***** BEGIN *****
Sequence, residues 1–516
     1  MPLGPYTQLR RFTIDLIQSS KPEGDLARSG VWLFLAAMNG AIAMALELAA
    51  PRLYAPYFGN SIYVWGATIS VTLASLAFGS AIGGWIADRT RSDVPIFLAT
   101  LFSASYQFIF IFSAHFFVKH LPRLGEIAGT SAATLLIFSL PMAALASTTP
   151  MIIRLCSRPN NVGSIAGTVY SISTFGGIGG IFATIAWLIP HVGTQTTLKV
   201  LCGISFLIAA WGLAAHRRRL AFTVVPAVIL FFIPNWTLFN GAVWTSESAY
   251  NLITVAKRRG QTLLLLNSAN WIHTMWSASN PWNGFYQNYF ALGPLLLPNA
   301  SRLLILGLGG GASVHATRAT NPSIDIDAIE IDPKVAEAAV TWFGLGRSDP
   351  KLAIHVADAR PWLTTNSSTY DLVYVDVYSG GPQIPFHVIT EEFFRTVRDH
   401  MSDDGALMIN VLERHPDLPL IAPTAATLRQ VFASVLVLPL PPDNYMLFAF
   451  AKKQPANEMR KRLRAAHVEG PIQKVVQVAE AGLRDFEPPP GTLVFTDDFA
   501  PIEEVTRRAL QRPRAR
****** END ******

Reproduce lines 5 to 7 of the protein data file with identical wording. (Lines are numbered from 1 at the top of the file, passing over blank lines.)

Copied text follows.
   151  MIIRLCSRPN NVGSIAGTVY SISTFGGIGG IFATIAWLIP HVGTQTTLKV
   201  LCGISFLIAA WGLAAHRRRL AFTVVPAVIL FFIPNWTLFN GAVWTSESAY
   251  NLITVAKRRG QTLLLLNSAN WIHTMWSASN PWNGFYQNYF ALGPLLLPNA